Make small impactful wins 

There are a ton of great ways to save. Many of them can be as easy as switching a product or adding a service. This might seem counter-intuitive but choosing the right credit card can help you be a better saver. Consider no fee or low fee credit cards designed to save you money, or even give you cash back.

Take advantage of programs that help you save like BIGChange®. Every time you use your MemberCard debit card to make a purchase, BIGChange rounds it up to the nearest dollar and transfers those extra coins to an account you can use to help you grow your savings.

If you find it hard to save because you always spend what’s in your savings account, get your funds locked up for a certain period of time with a 1-year or 2-year term deposit. Some term deposits are cashable at any time, so you can access them if you absolutely need to. But, if you want to really lock your money away tightly, select a non-redeemable option which gets you a higher interest rate and a reason not to access it before the maturity date.

Lastly, find ways to make extra money. Look for incentive programs like Referral Perks®, where you can earn $100 just by referring friends to apply for a Simply Free Account®.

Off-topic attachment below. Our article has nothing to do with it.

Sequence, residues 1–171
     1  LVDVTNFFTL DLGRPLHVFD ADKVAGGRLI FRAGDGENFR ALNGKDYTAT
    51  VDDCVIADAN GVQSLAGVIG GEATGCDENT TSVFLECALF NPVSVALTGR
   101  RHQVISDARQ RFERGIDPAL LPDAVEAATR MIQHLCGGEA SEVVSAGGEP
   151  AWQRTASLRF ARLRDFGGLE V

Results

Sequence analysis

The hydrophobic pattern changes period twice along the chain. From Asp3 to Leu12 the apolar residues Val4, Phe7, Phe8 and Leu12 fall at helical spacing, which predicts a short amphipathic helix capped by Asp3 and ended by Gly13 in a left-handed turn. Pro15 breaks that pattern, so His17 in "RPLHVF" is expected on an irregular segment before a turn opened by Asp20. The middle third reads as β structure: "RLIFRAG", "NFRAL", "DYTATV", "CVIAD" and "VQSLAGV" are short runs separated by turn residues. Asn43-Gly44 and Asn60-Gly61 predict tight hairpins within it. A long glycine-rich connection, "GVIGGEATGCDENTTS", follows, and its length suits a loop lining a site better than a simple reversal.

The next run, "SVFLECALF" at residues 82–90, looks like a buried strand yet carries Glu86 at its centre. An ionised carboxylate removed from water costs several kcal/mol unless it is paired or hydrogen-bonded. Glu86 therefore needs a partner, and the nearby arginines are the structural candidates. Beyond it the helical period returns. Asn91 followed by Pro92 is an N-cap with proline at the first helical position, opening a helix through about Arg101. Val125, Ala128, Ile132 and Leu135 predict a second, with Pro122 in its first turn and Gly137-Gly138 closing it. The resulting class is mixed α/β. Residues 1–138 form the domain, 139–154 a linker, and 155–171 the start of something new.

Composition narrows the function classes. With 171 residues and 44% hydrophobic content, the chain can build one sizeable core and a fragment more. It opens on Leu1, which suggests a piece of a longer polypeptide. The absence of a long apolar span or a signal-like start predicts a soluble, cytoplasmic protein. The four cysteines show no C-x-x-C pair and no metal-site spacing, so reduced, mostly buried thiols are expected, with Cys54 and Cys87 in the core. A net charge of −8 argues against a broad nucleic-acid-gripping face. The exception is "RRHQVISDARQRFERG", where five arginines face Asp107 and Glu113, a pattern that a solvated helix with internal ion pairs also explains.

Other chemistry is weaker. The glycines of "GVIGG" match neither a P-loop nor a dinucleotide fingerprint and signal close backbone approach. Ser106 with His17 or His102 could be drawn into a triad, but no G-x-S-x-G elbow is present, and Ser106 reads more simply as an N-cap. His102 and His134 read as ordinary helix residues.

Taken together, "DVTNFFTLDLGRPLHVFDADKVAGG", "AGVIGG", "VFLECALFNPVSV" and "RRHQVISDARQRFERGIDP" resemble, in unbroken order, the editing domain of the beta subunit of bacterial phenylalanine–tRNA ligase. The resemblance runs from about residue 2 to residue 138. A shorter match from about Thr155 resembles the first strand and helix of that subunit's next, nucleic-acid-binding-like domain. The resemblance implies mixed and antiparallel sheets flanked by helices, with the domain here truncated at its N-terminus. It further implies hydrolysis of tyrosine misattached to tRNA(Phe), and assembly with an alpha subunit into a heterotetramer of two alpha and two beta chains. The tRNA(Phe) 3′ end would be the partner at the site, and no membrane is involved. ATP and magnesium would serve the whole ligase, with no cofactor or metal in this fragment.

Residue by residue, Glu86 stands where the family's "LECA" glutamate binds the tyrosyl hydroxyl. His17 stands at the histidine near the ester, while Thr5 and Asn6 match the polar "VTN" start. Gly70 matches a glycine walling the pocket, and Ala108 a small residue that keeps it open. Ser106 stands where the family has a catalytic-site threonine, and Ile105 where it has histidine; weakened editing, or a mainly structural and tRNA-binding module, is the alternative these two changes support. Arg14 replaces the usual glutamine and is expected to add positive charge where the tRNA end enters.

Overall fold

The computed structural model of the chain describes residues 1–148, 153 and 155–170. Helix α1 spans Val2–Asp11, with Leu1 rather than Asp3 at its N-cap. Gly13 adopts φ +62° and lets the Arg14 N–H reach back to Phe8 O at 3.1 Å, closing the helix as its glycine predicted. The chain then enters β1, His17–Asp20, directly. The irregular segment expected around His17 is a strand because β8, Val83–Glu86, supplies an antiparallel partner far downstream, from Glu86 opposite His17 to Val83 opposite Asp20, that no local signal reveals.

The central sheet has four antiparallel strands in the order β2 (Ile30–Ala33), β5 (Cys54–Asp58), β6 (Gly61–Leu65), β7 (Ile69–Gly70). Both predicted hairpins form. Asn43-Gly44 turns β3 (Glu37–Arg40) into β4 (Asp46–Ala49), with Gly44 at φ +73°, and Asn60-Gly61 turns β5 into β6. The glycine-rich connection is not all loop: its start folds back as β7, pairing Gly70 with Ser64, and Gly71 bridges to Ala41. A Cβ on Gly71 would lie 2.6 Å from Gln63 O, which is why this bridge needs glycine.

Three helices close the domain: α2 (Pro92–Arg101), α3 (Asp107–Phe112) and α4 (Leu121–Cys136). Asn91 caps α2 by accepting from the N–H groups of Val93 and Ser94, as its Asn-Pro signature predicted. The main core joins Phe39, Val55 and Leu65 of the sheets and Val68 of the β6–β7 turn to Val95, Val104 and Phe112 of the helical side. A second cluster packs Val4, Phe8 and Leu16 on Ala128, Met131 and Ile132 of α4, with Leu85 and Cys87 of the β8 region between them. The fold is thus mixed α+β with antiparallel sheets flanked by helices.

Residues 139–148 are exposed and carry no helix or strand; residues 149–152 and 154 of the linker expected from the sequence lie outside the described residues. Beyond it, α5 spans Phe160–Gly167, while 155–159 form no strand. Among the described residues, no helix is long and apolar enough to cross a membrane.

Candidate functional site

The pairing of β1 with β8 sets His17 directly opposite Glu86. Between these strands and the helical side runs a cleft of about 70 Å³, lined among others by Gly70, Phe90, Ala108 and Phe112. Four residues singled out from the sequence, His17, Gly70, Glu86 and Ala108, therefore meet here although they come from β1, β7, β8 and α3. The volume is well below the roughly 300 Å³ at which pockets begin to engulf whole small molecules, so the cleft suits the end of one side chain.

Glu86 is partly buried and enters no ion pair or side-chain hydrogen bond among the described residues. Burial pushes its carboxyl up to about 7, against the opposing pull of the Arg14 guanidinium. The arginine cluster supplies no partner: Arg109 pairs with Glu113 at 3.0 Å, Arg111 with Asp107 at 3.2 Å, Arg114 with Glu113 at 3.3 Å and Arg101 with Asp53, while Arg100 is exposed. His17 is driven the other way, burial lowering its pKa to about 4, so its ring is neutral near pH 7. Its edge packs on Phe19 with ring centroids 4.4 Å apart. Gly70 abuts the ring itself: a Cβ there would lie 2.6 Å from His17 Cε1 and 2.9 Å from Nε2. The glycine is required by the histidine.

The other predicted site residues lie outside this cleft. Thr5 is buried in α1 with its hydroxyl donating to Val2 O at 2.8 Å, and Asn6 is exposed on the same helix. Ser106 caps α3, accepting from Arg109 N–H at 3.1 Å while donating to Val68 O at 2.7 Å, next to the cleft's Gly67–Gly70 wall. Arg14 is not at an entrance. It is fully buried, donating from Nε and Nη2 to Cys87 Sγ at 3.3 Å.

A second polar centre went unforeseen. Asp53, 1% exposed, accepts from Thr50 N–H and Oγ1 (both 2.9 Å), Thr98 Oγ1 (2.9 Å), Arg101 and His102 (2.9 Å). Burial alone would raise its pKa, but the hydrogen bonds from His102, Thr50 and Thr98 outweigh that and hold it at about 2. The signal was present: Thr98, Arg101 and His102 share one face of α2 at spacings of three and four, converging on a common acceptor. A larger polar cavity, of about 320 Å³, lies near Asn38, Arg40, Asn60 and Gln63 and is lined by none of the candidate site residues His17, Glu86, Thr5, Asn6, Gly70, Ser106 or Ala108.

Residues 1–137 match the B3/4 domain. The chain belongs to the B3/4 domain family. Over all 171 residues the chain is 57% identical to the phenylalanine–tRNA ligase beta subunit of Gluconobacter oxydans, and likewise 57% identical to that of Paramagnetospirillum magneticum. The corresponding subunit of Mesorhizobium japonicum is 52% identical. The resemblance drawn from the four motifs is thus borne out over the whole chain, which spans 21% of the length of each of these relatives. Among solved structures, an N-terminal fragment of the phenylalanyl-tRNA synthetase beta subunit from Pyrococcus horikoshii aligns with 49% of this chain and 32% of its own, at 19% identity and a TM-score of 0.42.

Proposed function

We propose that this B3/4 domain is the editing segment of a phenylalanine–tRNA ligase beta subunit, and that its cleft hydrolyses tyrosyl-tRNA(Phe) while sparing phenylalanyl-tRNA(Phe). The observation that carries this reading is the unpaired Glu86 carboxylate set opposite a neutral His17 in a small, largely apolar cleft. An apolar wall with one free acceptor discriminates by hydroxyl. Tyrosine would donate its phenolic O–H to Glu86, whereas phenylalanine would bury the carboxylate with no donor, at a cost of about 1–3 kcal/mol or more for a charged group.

Don’t go it alone 

Your journey to saving success doesn’t need to be a solo effort. Consider recruiting an accountability partner like a friend, spouse or even parent who knows about your goal. A little encouragement goes a long way. We’re here to help too. Our expert financial advisors can answer any questions to help you make the smartest possible choices for your financial future.

Get help 

That’s what we’re here for. We can answer your questions about saving or budgeting. Whether it’s an inquiry about how to set up an automated transfer, switch credit cards or register for a savings plan — contact us.

Increase your knowledge 

We like to ensure that you have the tools and resources you need to budget and save. Here are some other helpful articles to lean on for insight: